While NASA has been a pioneer in open source, Kemp was responsible for the first open source release under the Apache 2.0 license framework, the Nova cloud computing controller. As CTO, Kemp also pioneered the use of NASA’s unique public-private partnership authority to introduce new technologies into NASA. discovered NASA’s open source code and contacted Kemp to determine if NASA was interested in partnering together to form a project called OpenStack. Launched in July 2010, OpenStack is an open-source cloud computing platform based code from Kemp’s team as NASA, in collaboration with Rackspace. After guiding cloud computing breakthroughs with the Nebula Project and OpenStack, Kemp set a new goal for himself – to “democratize web–scale computing”.

On March 14, 2011 Kemp announced his resignation as NASA’s Chief Technology Officer for IT.[16][17]


Kemp left NASA on March 18, 2011, and on March 25, 2011 incorporated Fourth Paradigm Development, Inc. with entrepreneur Steve O'Hara and former colleague Devin Carlen. In April, the company received seed investments from the first few investors in Google, including Andy Bechtolsheim, Ram Shriram, and David Cheriton. In May, the Company received series-A funding from Kleiner Perkins Caufield, and Byers and Highland Capital Partners.


Mid-2010, Kemp received the Federal Computer Week “Federal 100” and CIO Magazine’s “CIO 100” awards for his work as Chief Information Officer at NASA Ames Research Center in 2009.[18][19]


  1. Bill Middleton, Brian Deng, and Chris C. Kemp, March 1997, SAMS, “Web Programming with Perl 5”


  1. "About Nebula, Inc. Management Team". Nebula, Inc.. July 9, 2014. Archived from the original on 2014-07-09.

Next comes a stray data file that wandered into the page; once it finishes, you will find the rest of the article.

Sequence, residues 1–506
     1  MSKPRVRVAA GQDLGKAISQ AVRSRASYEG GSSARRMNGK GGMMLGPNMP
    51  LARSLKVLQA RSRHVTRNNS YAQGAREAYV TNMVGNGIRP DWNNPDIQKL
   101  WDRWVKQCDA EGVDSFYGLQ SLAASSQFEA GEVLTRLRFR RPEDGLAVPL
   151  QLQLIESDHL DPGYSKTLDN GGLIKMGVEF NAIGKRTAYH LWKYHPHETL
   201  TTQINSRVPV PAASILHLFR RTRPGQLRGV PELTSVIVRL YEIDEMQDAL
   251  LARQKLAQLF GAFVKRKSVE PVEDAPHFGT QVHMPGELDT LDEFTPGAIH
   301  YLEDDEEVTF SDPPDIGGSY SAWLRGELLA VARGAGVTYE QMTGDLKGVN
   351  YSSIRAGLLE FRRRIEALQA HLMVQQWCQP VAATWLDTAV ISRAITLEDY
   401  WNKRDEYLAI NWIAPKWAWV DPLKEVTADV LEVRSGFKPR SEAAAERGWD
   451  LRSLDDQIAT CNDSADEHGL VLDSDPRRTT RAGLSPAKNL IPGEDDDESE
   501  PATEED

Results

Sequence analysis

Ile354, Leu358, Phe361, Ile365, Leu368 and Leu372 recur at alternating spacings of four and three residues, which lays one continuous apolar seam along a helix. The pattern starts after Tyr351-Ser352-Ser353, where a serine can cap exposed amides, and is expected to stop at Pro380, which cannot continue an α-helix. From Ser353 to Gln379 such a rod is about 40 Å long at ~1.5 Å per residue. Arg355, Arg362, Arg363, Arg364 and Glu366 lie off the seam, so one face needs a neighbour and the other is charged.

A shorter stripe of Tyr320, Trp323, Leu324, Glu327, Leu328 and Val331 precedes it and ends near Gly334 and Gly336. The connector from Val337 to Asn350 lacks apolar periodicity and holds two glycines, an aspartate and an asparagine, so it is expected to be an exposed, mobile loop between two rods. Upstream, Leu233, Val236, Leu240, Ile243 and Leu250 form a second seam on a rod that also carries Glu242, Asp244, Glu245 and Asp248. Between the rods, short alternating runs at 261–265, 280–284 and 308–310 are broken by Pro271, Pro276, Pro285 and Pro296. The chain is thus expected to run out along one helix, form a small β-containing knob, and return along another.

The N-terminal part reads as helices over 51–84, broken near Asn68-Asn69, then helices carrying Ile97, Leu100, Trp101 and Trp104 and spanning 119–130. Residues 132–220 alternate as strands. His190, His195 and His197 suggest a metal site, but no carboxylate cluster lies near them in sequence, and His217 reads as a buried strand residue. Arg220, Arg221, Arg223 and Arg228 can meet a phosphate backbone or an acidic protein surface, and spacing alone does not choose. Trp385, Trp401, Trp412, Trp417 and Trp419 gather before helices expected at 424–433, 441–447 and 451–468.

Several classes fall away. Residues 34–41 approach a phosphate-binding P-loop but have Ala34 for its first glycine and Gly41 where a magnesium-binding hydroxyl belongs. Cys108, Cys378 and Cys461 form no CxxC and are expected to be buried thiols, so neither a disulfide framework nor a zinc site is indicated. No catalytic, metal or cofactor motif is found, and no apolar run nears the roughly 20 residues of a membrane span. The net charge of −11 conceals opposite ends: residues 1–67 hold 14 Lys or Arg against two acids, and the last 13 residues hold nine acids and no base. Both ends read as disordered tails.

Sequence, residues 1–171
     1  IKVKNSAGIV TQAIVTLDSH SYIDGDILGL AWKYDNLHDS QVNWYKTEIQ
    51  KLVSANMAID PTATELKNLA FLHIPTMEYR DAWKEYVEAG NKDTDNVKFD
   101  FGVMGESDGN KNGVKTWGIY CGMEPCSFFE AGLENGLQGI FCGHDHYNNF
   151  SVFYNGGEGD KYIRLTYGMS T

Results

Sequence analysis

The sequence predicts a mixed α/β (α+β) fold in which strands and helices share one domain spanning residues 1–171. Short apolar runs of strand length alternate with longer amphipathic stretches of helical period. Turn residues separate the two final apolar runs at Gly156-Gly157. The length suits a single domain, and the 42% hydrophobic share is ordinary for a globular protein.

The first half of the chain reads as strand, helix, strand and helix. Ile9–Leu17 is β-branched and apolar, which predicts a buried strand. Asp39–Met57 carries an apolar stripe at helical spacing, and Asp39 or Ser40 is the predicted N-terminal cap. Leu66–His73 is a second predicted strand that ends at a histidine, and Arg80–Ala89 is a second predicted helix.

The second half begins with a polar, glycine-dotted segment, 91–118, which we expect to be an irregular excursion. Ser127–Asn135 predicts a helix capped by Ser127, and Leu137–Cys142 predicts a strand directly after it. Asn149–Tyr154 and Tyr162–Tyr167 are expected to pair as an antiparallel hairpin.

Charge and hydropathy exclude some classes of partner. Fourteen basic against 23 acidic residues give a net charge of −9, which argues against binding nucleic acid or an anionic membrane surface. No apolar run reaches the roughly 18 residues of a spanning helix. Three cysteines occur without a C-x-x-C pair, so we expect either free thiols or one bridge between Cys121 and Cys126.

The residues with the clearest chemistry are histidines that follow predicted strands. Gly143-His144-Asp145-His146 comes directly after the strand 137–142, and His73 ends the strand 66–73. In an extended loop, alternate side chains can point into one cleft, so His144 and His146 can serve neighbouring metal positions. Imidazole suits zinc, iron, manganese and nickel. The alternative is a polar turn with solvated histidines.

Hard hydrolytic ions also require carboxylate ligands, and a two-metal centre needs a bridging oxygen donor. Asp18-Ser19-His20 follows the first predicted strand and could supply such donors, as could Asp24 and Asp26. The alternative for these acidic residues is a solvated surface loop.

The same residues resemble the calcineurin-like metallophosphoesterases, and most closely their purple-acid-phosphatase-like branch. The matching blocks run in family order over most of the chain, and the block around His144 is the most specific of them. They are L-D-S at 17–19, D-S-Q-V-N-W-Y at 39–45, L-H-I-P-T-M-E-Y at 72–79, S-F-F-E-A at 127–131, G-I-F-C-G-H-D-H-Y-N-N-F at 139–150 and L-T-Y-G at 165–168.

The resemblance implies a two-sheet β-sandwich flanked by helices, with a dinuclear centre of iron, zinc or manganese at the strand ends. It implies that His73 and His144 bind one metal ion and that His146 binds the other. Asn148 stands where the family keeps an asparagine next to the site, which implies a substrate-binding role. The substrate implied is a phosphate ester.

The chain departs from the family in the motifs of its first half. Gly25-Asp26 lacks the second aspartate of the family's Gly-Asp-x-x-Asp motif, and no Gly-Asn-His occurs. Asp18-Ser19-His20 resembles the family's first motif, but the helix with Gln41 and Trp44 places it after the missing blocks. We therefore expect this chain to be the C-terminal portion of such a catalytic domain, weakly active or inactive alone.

2. 2.0 2.1 "NASA Names Chief Technology Officer for IT". NASA. May 6, 2010. Archived from the original on 2010-11-08. Retrieved 2010-07-12. 
  3. 3.0 3.1 "Chris C. Kemp, Chief Information Officer, NASA Ames Research Center". Space News. December 14, 2009. Retrieved 2010-07-12. 
  4. "Cloud-Device Startup Nebula Takes Aim at Seattle Engineers". xconomy. December 13, 2011. Retrieved 29 February 2012. 
  5. FY13 NASA Audit Report
  6. "NASA and Google to Bring Space Exploration Down to Earth". NASA. December 18, 2006. Archived from the original on 2007-08-23. Retrieved 2010-07-12. 
  7. Template:Cite news
  8. Template:Cite news
  9. Kemp, Chris (2009-01-27). "Let's Start A Conversation About NASA's Future On The Web". NASA. Retrieved 2011-02-25. 
  10. "NASA and Microsoft to Make Universe of Data Available to the Public". NASA. March 24, 2009. Archived from the original on 2009-04-13. Retrieved 2010-07-12. 
  11. "Why Make A Universe of Data Available To The Public?". NASA. March 24, 2009. Retrieved 2012-03-01. 
  12. "NASA Launches 'Nebula' Compute Cloud". Information Week. May 22, 2009. Retrieved 2010-07-12. 
  13. "NASA Blazing a Trail for Federal Cloud Computing". Space News. September 21, 2009. Retrieved 2010-07-13. 
  14. "NASA Cloud Guru Named CTO For IT". Information Week. April 20, 2010. Retrieved 2010-07-12. 
  15. "Open source is NASA's next frontier". Federal Computer Week. May 6, 2010. Retrieved 2010-07-13. 
  16. Today I announce my resignation as NASA’s Chief Technology Officer for IT
  17. Fretwell, Luke (March 15, 2011). "NASA IT CTO Kemp leaving ‘to find a garage in Palo Alto to do what I love'". Retrieved May 16, 2011. 
  18. Yasin, Rutrell (March 22, 2010). "Federal 100: Chris Kemp". Federal Computer Week. Retrieved 2010-07-12. 
  19. "NASA Chief Technology Officer for IT Honored by CIO Magazine". NASA. June 8, 2010. Archived from the original on 2012-04-05. Retrieved 2010-07-12.